Island Traditions: Lessons to be Learned from American Samoan Culture

In an article published by eurekalert.org, the results of a study about American Samoa were discussed.

The study, published in the journal Ecology and Society, focused on the response of the island’s indigenous people to natural disasters. It found that after a tsunami, such as the one that hit American Samoa in 2009, residents rely on “Fa’aSamoa,” or “The Samoan Way.” This refers to their cultural traditions and ways of handling things.

“We found that communities like this have strong traditions that may not fit into the Federal Emergency Management Agency (FEMA) model but they are still highly effective," said study author Andrew Rumbach, PhD, in the article.

“We think these same kinds of traditions could play important roles in disaster preparation, response and recovery in American Indian communities, Alaskan villages and among other indigenous people,” said Rumbach, who is the assistant professor of planning and design at CU Denver's College of Architecture and Planning.

After analyzing the American Samoans’ response to the 2009 tsunami, the study found their methods involved dividing recovery work between genders. The young men, called aumaga, were relegated to rescuing any victims and clearing debris.

“The aumaga were crucially important for emergency response because with such widespread devastation across the island, they were the de facto first responders. Based in each village they are capable of responding to events locally and without having to be dispatched from larger population centers,” said Rumbach.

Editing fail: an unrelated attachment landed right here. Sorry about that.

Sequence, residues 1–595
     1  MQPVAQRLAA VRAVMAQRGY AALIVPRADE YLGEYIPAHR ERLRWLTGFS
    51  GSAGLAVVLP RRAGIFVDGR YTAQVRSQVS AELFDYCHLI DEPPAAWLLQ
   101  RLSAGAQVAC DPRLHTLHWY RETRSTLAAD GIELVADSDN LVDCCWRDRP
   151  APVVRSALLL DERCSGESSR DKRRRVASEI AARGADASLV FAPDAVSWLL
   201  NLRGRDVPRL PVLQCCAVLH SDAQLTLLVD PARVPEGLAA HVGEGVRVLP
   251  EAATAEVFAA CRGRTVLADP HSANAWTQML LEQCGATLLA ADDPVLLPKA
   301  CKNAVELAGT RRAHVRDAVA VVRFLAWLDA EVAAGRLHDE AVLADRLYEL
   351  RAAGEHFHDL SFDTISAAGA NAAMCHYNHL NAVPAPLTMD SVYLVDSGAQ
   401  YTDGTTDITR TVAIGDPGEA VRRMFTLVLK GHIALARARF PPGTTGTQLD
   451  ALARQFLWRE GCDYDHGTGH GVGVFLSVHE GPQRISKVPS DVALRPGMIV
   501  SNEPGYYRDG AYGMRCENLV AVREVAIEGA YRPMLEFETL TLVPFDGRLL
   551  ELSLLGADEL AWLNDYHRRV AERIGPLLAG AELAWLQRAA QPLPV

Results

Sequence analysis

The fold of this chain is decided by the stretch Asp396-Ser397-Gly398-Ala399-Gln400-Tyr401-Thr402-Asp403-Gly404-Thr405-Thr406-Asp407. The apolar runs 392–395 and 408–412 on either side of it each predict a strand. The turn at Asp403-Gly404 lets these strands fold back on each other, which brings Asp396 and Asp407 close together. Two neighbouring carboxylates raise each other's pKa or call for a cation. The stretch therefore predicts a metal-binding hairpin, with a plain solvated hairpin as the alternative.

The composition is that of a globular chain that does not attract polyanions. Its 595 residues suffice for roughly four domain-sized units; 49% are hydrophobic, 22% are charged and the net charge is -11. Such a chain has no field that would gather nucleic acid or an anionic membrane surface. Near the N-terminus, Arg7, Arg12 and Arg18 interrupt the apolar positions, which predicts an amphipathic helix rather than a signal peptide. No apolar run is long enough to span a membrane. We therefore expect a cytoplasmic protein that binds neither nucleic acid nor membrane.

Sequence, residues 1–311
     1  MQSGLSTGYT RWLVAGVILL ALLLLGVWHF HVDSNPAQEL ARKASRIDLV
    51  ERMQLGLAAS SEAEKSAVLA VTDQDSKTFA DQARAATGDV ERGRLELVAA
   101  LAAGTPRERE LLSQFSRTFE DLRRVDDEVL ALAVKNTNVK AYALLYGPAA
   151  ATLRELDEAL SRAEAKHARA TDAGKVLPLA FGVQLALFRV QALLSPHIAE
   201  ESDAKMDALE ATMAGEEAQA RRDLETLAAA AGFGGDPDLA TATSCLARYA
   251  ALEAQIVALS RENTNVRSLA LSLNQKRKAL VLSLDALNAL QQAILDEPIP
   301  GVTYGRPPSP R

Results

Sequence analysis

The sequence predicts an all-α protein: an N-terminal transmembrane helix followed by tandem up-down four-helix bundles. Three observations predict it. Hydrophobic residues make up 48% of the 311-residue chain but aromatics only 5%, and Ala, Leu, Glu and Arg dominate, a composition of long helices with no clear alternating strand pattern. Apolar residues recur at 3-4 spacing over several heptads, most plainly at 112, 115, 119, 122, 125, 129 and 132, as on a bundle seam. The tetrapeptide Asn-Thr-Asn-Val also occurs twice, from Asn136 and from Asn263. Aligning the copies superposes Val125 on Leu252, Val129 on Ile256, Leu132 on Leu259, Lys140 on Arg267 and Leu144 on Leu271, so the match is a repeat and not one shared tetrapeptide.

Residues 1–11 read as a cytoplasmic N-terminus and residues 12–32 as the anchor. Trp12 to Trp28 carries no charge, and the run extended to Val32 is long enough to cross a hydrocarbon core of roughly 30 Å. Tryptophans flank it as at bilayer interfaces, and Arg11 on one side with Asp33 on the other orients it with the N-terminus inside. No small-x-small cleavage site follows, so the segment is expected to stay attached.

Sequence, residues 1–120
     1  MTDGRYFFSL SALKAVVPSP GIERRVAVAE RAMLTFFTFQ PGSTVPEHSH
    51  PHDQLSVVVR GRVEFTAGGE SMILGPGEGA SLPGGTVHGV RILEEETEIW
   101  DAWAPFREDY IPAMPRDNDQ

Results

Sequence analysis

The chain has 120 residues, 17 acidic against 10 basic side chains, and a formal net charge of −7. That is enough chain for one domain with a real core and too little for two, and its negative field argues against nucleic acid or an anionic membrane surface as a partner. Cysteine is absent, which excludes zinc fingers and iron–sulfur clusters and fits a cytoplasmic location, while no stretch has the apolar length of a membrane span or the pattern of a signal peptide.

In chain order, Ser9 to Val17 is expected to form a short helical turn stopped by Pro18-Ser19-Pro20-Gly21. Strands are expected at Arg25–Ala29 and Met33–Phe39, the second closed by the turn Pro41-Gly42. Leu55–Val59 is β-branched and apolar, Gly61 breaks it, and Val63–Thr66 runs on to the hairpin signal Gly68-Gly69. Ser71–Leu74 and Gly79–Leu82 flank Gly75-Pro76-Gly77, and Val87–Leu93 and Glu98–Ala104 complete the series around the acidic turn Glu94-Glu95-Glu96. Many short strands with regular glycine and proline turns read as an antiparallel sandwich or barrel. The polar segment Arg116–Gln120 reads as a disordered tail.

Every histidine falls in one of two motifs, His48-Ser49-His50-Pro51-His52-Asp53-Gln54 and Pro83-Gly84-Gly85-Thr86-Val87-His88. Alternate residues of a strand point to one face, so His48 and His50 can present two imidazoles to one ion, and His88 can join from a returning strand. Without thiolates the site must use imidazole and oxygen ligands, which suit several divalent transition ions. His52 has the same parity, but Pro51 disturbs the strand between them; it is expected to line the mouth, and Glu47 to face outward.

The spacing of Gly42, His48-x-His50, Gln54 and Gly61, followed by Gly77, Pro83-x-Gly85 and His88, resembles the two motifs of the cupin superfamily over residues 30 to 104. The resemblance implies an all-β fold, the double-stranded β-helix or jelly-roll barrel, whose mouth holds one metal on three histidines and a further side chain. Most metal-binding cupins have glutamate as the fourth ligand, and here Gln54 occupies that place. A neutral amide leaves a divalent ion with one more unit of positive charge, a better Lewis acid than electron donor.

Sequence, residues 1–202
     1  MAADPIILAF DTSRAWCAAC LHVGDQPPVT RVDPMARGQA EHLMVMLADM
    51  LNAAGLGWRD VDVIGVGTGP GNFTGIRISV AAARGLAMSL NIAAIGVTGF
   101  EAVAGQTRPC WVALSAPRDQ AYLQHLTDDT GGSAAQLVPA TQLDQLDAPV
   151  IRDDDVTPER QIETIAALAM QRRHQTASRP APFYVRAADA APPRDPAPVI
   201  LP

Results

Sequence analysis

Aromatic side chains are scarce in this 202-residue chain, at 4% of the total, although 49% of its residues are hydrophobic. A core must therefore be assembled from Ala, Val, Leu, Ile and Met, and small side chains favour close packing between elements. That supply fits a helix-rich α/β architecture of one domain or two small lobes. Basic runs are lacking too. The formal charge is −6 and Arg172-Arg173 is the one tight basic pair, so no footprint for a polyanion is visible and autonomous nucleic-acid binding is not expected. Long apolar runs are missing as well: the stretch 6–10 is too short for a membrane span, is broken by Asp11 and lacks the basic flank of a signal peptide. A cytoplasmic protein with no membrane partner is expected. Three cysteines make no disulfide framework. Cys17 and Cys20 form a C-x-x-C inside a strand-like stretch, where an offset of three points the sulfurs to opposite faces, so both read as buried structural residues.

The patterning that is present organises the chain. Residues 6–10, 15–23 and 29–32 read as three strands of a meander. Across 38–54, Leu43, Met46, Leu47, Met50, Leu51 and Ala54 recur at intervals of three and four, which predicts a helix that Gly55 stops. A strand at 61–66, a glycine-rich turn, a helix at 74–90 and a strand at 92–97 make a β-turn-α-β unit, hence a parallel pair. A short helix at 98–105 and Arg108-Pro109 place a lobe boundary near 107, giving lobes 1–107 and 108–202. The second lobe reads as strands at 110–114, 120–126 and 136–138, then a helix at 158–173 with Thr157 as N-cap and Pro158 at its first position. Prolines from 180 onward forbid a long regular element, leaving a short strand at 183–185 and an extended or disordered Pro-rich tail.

The women of the village provided food, water and first aid to the tsunami victims. Extended families took care of offering shelter, food and other help to those in need of it.

According to the article, the study said, “Supporting indigenous institutions through disaster management policies and programs leverages existing networks with high levels of social capital, while simultaneously strengthening those institutions and making them relevant to contemporary challenges. It's a win-win scenario.”

Rumbach sees an opportunity to create more flexible disaster response plans with FEMA’s new focus on more community-based recovery strategies.

“In times of crisis these institutions played (the) role of first responder all without specific training,” said Rumbach. “That response could be improved by being trained in CPR, evacuation of the elderly and other skills. But we could incorporate these kinds of traditional responses into FEMA.”

Rumbach sees promise in following American Samoa’s traditional ways.

“We often come in after disasters and set up whole new systems but in these places we could use institutions already in place,” Rumbach said. “Traditional communities have a lot of capacity.”

 

For more information, see the study here: http://www.ecologyandsociety.org/issues/article.php/6189
See the original EurekAlert article here: http://www.eurekalert.org/pub_releases/2014-02/uocd-shi021314.php